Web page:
The first Mardi Gras parade in New Orleans processed on this date in 1827 when masked and costumed students danced through the streets.

Mardi Gras 1937- by Eudora Welty (who, before she became a writer, took photos for the WPA)

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Written by (Roughly) Daily

February 7, 2021 at 1:01 am

“Nothing that is not there and the nothing that is”*…

While wandering around a snowy New York City this past December, the artist Jan Baracz began to notice patterns forming in the grates of storm drains. “They reminded me of the I Ching hexagrams and ideographic language systems,” he writes. “They also reminded me of when I lived in Japan and researched how water patterns (from vapor to ice) are represented in kanji. It was a time when I had given my apophenia free rein. I was transfixed by logograms and language characters built upon symbolic origins. I thought these snow glyphs may be a perfect set of images to reflect this intense time in which we seek signs and project meaning onto the physical world that surrounds us.”

More of Jan Baracz‘s portentous photos at: “Snow Oracles.”

See also Vivian Wu‘s marvelous “Snowflake Generator.”

*”For the listener, who listens in the snow, / And, nothing himself, beholds /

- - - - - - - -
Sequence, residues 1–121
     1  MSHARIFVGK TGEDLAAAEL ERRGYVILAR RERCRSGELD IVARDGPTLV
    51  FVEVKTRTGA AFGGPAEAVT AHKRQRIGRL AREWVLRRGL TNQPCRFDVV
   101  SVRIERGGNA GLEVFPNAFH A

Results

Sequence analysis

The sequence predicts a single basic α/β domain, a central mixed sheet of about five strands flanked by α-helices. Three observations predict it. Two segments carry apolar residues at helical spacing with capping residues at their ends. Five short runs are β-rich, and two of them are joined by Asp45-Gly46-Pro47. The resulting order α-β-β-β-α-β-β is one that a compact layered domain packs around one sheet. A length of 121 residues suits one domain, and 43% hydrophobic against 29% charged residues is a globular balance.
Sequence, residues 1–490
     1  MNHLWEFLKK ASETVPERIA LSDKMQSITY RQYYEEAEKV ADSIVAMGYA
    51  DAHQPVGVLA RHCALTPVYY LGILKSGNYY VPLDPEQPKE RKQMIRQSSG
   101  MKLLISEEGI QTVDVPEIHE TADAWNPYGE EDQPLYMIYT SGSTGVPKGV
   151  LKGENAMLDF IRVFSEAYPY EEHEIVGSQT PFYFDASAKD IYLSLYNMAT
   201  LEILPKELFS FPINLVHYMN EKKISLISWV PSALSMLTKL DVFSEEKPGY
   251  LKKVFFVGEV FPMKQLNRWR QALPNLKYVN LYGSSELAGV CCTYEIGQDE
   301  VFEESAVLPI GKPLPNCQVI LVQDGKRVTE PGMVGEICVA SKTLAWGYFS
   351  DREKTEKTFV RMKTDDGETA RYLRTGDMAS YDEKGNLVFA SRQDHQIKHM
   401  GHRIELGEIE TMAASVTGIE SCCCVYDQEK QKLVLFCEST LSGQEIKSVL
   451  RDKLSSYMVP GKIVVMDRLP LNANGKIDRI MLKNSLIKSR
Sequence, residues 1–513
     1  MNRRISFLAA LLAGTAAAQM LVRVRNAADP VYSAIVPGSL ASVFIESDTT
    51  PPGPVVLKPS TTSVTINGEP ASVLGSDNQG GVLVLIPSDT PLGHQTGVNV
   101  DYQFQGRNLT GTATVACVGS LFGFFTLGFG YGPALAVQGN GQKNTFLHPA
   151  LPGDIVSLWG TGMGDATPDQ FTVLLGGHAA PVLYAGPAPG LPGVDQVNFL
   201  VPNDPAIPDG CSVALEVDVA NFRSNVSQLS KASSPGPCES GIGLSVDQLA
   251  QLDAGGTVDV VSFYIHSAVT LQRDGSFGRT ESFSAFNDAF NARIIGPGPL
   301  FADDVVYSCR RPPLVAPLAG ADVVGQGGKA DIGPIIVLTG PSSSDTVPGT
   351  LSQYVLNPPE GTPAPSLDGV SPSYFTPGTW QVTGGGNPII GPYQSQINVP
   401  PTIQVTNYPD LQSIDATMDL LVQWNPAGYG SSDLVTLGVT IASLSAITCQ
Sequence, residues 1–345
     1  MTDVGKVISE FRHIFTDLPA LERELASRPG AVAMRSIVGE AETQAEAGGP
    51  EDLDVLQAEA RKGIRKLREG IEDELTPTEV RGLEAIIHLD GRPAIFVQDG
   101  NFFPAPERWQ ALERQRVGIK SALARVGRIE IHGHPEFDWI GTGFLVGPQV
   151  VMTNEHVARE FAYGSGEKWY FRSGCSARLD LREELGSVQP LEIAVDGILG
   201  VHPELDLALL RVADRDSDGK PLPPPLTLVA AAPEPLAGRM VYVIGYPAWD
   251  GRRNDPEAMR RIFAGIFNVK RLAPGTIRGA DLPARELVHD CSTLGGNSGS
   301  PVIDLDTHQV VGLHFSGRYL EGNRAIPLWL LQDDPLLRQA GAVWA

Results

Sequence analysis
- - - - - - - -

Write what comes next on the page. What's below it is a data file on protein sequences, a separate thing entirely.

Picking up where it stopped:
Nothing that is not there and the nothing that is.” – Wallace Stevens, “The Snow Man”

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As we search for signs, we might note that today is National Weatherperson Day, honoring individuals in the fields of meteorology, weather forecasting, and broadcast meteorology, as well as volunteer storm spotters and observers.

It is celebrated on this date in honor of the man credited with being America’s first (scientific) weather observer, John Jeffries (born on this date in 1744), who began making and recording daily weather observations in Boston in 1774.

Jeffries sided with the Crown in the unpleasantness that soon followed with the British, so fled to Nova Scotia in 1776, and from there to London, where his observations continued. In 1785, Jeffries and inventor/aeronaut Jean-Pierre Blanchard crossed the English Channel in a balloon, becoming the first human beings to cross the Channel by air; Jeffries measured the temperature throughout the voyage.

John Jeffries